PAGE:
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What Causes Right Side Aches?

By T. Broderick
Updated Mar 03, 2024
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There are a number of medical conditions that cause chronic right side aches. Even so, medical diagnosis is not difficult as each condition presents with a different set of complementary symptoms. As some conditions only affect women, diagnosis becomes even less complicated. Though most of the causes of right side aches are treatable, seeing a doctor as soon as possible is necessary to prevent complications or death.

Appendicitis is a common cause of right side aches. In this condition a bacterial infection attacks the appendix causing swelling and inflammation. Pain usually presents without warning and is accompanied by fever and vomiting. Along with pain management medication, the primary treatment is surgical removal of the appendix, a procedure known as an appendectomy.

Pancreatitis is a condition where the pancreas becomes inflamed. Unlike appendicitis, the cause is not bacterial. Acute pancreatitis is due to gallstones, another common cause of right side aches. Excessive consumption of alcohol causes chronic pancreatitis. Both forms of the condition are treatable through medication and lifestyle changes. Due to the sometimes severe pain, a doctor may prescribe morphine as a patient undergoes treatment.

Crohn's disease, also known as inflammatory bowl disease, is a rarer condition that includes right side aches as a symptom. An autoimmune disorder, the body's immune system attacks parts of the stomach, small intestine and large intestine. Besides pain, Crohn's presents with intestinal ulcers, diarrhea and even external symptoms such as swelling of the extremities. The disease is not curable, but medication can lower the likelihood of relapse.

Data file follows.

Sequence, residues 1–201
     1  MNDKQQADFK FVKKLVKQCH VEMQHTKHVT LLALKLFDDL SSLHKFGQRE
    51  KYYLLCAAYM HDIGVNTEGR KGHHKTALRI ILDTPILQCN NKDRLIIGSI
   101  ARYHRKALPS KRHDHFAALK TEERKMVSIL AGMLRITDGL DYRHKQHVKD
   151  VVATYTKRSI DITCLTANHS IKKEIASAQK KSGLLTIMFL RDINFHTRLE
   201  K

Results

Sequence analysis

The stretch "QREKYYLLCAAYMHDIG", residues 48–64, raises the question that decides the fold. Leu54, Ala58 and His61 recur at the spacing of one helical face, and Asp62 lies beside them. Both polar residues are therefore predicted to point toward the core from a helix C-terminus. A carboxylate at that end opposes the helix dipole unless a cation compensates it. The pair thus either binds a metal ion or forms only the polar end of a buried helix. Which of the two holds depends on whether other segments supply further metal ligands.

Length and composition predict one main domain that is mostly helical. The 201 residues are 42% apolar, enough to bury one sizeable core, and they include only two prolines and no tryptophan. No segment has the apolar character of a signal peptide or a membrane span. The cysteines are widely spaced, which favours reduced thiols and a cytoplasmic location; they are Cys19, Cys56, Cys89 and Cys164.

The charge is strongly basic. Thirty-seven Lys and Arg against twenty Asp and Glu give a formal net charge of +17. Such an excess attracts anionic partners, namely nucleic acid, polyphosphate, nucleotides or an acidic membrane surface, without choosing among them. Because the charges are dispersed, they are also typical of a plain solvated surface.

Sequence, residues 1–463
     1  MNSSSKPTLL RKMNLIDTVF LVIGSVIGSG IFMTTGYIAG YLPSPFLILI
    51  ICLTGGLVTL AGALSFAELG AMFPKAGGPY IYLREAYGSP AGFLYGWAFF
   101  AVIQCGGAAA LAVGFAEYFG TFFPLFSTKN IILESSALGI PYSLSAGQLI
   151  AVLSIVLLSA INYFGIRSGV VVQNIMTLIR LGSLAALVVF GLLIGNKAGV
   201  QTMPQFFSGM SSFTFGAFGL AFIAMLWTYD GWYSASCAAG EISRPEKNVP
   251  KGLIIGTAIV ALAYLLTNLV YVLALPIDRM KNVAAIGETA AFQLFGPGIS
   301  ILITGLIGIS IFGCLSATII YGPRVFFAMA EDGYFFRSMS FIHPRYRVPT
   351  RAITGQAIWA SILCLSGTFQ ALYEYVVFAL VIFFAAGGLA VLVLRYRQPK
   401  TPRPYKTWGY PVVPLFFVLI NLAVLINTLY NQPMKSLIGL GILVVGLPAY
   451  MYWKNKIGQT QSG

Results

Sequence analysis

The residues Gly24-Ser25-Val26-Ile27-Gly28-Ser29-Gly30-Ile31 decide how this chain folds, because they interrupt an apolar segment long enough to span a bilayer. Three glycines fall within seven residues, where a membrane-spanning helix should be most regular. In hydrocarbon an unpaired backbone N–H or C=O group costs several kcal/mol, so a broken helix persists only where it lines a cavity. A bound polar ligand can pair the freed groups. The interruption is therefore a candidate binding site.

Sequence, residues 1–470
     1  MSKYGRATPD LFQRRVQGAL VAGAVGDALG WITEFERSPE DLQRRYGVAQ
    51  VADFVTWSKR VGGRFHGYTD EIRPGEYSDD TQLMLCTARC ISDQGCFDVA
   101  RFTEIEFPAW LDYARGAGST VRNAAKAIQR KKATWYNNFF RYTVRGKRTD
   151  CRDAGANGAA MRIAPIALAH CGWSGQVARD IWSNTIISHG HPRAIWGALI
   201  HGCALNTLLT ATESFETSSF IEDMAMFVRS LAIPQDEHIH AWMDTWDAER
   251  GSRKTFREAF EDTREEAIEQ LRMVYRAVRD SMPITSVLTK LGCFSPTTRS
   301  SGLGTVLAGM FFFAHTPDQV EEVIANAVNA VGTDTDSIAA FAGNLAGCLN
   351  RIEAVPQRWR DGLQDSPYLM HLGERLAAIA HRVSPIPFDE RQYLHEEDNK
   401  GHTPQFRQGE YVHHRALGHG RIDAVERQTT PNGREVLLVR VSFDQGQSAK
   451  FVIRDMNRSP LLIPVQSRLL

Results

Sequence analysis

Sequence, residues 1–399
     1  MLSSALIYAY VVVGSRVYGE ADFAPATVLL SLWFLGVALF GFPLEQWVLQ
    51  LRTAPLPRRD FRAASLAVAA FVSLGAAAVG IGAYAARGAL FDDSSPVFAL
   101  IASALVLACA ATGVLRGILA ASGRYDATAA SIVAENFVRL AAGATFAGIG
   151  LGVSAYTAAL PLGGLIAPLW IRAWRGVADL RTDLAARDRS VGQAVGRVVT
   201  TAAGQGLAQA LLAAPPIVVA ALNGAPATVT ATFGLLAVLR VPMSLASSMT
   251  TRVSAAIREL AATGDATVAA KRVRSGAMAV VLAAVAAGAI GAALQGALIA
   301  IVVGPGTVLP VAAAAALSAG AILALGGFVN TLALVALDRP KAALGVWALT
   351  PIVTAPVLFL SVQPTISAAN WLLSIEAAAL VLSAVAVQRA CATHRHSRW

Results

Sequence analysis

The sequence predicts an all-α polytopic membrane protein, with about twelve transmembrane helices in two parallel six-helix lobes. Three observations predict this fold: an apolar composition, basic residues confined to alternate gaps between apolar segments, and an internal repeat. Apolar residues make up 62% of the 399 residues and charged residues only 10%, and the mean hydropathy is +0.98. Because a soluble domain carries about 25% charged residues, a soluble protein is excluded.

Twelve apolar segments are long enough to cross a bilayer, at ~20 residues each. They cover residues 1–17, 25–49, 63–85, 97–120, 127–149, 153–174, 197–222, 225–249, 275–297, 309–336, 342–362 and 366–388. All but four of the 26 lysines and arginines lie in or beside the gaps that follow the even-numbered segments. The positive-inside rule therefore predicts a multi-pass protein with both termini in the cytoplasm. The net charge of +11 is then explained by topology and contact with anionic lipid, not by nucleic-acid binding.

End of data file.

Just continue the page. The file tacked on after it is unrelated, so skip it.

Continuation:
Ectopic pregnancy is a cause of right side aches that only affects women. An ectopic pregnancy is a failed pregnancy where the developing embryo is caught within the fallopian tube as it travels to the uterus. As the embryo grows past the natural limits of the fallopian tube, a woman feels pain similar to pancreatitis. An ultrasound can quickly diagnose an ectopic pregnancy. As an ectopic pregnancy has no chance of success, treatment requires a surgically performed abortion.

All of these conditions are treatable, but every one can lead to serious complications or death if a person does not immediately seek medical attention. For example, if the appendix bursts during appendicitis, other abdominal organs become vulnerable to infection. Untreated pancreatitis can lead to necrosis of the pancreas, necessitating the pancreas' removal. A patient will be dependent on insulin injections for the rest of his or her life. Ectopic pregnancy becomes life threatening when the fallopian tube ruptures and causes internal bleeding.

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